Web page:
March 22, 2005
Ellerbe Becket says the defection of
five key principals from its Kansas City sports architecture
office to rival HOK violated agreements the company had with
its staff and with HOK, according to a lawsuit filed last
week in state court.
Based in Minneapolis, Ellerbe Becket maintains a sports design
office in Kansas City, as do HOK and other firms. Defections
have been common over the years, but none ever involved five
principals. The two firms are working as members of a team
designing a new arena in Kansas City, and that fact is crucial
to the dispute.
The lawsuit asks a judge in Kansas City to impose damages
and issue a court order stopping the five defectors from using
confidential information or interfering with Ellerbes
clients and employees. It charges the five with breach of
contract, interference with a contract and breach of fiduciary
According to the lawsuit, all five signed fair dealing agreements
on accepting employment. The agreements say that the employee
will not solicit clients or other Ellerbe employees if they
are terminated, the lawsuit claims.
A handshake agreement made over the arena project also prohibited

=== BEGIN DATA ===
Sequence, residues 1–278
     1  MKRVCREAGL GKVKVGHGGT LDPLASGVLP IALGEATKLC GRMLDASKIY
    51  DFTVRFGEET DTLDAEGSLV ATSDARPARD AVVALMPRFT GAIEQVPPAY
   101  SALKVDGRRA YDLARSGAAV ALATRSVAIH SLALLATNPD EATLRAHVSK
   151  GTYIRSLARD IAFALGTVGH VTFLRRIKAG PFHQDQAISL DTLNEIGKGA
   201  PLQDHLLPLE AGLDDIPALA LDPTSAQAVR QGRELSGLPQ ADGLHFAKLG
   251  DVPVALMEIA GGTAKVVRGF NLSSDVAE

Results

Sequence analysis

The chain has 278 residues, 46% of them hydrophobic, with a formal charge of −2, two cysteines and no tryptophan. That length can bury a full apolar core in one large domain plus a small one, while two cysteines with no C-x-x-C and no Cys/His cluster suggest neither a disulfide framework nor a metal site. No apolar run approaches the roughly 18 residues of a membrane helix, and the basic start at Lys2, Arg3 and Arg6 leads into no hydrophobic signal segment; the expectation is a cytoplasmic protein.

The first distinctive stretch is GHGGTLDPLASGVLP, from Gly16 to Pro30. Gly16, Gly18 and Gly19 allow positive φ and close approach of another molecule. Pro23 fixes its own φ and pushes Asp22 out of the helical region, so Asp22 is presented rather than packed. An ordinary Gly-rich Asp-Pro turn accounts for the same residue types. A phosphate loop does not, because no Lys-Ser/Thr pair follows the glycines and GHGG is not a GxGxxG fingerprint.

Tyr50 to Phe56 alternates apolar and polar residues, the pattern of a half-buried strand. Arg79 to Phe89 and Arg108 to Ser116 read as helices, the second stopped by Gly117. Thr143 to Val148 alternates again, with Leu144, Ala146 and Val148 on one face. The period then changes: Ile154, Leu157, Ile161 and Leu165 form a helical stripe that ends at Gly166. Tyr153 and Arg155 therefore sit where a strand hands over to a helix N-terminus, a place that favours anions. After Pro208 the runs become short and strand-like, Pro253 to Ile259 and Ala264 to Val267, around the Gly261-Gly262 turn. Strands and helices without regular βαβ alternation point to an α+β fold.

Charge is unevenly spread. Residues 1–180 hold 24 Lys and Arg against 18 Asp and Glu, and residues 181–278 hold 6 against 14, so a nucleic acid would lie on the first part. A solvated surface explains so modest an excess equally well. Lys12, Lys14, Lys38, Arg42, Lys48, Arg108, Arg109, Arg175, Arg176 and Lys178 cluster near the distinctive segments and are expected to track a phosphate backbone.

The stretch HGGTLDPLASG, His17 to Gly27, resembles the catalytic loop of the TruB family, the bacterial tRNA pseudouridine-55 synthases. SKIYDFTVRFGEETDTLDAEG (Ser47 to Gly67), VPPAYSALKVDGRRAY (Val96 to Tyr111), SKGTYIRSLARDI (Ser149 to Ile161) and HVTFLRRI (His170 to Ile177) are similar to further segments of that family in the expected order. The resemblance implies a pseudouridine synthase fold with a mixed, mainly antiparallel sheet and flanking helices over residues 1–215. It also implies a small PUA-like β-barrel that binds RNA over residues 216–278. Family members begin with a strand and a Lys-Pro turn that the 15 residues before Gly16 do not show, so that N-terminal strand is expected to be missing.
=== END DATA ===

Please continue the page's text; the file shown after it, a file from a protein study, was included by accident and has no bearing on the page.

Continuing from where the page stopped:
solicitation, Ellerbe claims.
HOK officials could not be reached for comment. Michael
Katz, an attorney for Ellerbe, declined to comment while the
matter was still in court.
According to the lawsuit, St. Louis-based HOK first secretly
negotiated with David J. Orlowski, the head of Ellerbe Beckets
Kansas City office and chief of sports architecture. The other
employees involved, Brad A. Clark, Michael R. Clay, Stephen
F. Hotujac, and Michael W. Sabatini, were recruited shortly
afterward, the lawsuit claims.
Last October, Ellerbe and HOK started work on the new Kansas
City arena project, a collaboration that put the two staffs
in close contact, claims Ellerbe. The two firms and other
firms involved in the project agreed that each firm would
not employ or solicit to employ any employees from the other
firms working on the project, says the lawsuit. Nothing was
put into writing, however, and the lawsuit suggests the agreement
was sealed with a handshake.
Another section of the lawsuit says Ellerbes staff
was bound by terms of its employment agreements. Under the
terms of their fair dealing pacts, Ellerbes employees
must refrain from contacting existing and prospective Ellerbe
clients and from contacting another Ellerbe employee about
leaving the staff, the lawsuit says.
After secretly negotiating with Orlowski, HOKs raid
grew to include Clark, Clay Hotujac and Sabatini, the only
other principals in Ellerbes Kansas City office and
leaders of the sports practice, claims Ellerbe. Clark, Clay,
Hotujac and Sabatini were principally involved in marketing,
maintaining client relationships and management. Prior to
March 3, they stopped pursuing new work for Ellerbe, the firm
charges. An additional Ellerbe Becket employee was also persuaded
to join HOK.
After the web site of a trade publication reported the defections,
competitors, clients and the public became aware of the defections
and the full extent of future losses is impossible to
measure at the present time, claims Ellerbe.